As a public service, The Inquirer is making this article and other critical public health and safety coverage of the coronavirus available to all readers.

The coronavirus pandemic has led many Philadelphians to begin preparing for significant disruptions to their lives, from emptying grocery store shelves to avoiding public transportation. But some young people are jumping at the chance to take advantage of cheap flights and hotel deals.

And before Mayor Jim Kenney shut down nonessential businesses on Monday, young people were still going out to bars and restaurants through the weekend.

This is not a smart move, physicians said, even if people under age 30 are less at risk for contracting coronavirus than older adults.

“Airplanes can be a potential means of getting the virus,” said Ron Goren, an infectious-disease specialist at St. Mary Medical Center in Langhorne and Nazareth Hospital in Philadelphia. “Even if you don’t get the virus, you could wind up in quarantine for two weeks. There’s a reason why flights are so cheap. It’s probably better to get a good book and Netflix, and hunker down for the time being.”

Lawrence Livornese, an infectious-disease specialist and the chairman of the department of medicine at Main Line Health, said that even though young people are at lower risk for dying from coronavirus, they need to follow recommendations from health officials to help prevent community spread. Research has shown that people can still spread the virus even if they’re not showing symptoms. Social distancing can help reduce the number of overall cases, keep the health-care system from being overwhelmed, and buy governments and the private sector time to develop treatments, testing kits, and other supplies.

“The whole concept of social distancing is to protect the community,” Livornese said. “There’s a social obligation to help protect the public, even if that doesn’t directly affect you."

Goren agreed. “From a purely societal point of view, we may run out of ICU rooms and ventilators,” he said. “Young people can make a contribution by doing the best they can not to get it, so they don’t spread it to other people they love who may be at a much greater risk than they may be at."

Preliminary research from China has shown that while most COVID-19 cases can be managed at home, 15% of people who get infected have to be hospitalized, and 5% of them require intensive care. The statistics from Italy, where the population is older and more susceptible, are more concerning — over half of infected individuals required hospitalization, and 10% needed treatment in the ICU.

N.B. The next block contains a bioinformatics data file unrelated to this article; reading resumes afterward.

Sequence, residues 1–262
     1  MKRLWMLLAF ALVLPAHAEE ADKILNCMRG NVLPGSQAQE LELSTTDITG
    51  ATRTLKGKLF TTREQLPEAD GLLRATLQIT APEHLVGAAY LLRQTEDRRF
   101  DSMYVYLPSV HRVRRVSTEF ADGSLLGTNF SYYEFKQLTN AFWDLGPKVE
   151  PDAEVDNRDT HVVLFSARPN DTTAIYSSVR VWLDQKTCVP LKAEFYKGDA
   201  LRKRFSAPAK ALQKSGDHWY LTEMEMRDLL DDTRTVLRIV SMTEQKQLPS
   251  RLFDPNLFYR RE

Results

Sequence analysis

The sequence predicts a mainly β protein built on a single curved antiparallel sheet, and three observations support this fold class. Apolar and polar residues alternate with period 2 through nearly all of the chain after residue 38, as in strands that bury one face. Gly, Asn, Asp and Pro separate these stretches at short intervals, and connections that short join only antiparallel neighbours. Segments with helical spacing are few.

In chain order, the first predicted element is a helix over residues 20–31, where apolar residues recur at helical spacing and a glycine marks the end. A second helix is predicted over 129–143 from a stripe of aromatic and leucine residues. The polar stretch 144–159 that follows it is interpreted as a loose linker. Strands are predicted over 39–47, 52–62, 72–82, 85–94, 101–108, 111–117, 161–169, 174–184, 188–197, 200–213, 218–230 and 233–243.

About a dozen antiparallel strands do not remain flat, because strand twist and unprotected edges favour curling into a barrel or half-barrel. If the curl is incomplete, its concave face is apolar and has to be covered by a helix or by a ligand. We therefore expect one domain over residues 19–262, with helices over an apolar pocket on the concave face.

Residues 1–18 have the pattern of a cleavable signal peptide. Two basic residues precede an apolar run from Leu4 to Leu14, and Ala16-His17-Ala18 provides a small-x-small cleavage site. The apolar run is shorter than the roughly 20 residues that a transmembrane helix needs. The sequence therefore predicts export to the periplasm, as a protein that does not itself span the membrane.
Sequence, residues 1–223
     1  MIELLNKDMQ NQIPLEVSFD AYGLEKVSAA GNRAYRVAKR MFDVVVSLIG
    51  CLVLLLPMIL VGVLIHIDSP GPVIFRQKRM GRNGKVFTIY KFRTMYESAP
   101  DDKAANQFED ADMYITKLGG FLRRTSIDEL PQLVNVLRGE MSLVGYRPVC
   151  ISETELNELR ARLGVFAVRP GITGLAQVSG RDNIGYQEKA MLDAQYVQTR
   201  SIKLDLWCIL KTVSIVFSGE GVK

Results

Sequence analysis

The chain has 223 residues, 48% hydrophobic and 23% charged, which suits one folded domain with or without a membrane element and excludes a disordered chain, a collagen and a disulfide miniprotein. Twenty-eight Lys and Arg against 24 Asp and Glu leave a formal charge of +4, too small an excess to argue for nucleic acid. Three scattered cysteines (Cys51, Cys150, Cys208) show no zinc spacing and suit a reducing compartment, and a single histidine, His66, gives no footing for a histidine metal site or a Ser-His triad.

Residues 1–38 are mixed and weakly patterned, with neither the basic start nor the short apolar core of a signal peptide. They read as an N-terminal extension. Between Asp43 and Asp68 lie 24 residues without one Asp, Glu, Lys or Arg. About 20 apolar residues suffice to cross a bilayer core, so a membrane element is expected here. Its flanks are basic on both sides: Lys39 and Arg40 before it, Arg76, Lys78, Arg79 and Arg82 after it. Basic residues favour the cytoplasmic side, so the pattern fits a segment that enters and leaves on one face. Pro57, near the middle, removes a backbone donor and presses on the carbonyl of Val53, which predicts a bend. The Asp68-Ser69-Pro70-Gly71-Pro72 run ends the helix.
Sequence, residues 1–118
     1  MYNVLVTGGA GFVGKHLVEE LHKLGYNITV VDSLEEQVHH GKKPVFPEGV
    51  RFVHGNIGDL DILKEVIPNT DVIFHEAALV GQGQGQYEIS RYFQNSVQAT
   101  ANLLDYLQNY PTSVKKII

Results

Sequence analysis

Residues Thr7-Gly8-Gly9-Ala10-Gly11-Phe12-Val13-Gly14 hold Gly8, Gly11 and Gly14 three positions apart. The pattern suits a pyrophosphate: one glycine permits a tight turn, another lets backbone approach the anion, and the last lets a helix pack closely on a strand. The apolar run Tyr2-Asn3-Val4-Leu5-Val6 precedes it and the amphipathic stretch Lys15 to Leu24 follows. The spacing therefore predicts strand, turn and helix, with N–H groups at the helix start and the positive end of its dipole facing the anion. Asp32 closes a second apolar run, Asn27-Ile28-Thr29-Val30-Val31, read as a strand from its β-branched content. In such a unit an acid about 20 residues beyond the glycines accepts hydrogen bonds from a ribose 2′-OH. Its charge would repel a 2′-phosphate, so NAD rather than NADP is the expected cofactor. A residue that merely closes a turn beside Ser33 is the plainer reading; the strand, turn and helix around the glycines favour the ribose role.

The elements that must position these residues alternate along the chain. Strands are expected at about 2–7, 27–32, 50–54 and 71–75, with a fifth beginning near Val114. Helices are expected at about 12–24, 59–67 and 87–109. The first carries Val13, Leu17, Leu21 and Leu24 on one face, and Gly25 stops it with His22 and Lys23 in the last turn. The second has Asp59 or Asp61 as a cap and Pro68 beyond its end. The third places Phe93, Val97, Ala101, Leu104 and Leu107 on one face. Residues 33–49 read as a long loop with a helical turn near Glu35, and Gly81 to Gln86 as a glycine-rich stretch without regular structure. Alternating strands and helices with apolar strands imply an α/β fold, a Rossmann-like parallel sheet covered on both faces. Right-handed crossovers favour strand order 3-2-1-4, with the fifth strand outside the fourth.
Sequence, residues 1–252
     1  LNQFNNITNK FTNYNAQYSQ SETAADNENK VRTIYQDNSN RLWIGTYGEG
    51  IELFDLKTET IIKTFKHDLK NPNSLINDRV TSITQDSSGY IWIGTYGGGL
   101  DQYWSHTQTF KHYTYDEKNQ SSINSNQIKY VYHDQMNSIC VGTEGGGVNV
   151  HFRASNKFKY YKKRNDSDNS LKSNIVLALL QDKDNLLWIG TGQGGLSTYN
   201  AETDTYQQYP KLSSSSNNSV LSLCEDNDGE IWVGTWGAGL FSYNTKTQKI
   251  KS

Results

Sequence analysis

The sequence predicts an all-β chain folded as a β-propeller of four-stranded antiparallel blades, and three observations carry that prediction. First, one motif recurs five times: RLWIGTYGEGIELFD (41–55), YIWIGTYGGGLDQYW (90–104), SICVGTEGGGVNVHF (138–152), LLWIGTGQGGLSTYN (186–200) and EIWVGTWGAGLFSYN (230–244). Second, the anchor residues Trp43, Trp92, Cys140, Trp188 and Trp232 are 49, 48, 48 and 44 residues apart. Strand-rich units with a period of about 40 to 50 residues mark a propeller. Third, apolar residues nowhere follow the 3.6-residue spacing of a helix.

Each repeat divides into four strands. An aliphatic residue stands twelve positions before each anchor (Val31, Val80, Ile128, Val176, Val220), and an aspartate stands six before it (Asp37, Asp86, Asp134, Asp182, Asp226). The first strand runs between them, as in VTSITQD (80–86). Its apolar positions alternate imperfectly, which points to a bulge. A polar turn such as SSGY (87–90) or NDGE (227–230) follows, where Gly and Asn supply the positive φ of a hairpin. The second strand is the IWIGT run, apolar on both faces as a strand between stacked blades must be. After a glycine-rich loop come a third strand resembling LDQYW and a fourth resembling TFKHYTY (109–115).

“The more people that are sick, even if it’s a low percentage of 30-year-olds who get severely ill, that will be enough to flood the hospitals and stretch the health-care system,” said Henry Fraimow, an epidemiologist at Cooper University Health Care.

And for those young people who assume if they get COVID-19, they’ll develop immunity, experts caution that thinking is dangerous.

Fraimow said that physicians are not yet sure whether coronavirus immunity will work more like immunity to measles, which is lifelong, or like immunity to seasonal influenza, which can vary year by year due to small changes in the virus.

“For a lot of respiratory viruses, we have no preexisting immunity, especially when a new one like this shows up,” Fraimow said. “When you become infected, part of that response is that your body makes antibodies as a response, and the response gets more mature over the course of the infection.”

Goren cautioned that young people with underlying health issues, like asthma and diabetes, may be at greater risk. That’s a population that should be aware that they may run into trouble with coronavirus, he said.

He also pointed out that not all young people who have gotten the virus have survived. Last month, Chinese citizens mourned the death of 34-year-old Li Wenliang, the ophthalmologist in Wuhan who first tried to warn his peers that the viral infections could grow out of control. Two otherwise healthy 29-year-old medical professionals in Wuhan fell ill after working long hours, and only one recovered.

Doctors are also unsure of the long-term complications of contracting the disease. Livornese said that other respiratory viruses and infections can leave people with asthma, but cautioned that since the world is only two months into the outbreak, all preliminary reports must be taken with caution.

“Above all, get your information from reliable sources, like the CDC,” Goren said. “Don’t read social media. Do things like hand washing, hand sanitizing throughout the day. Bump elbows instead of hugging or shaking hands. Stay home if you feel sick and out of crowded areas, and don’t panic.”

Livornese said that when looking at other countries fighting the epidemic, there is no question about the seriousness of the situation.

“This is an event that’s unprecedented in most people’s lifetimes,” he said.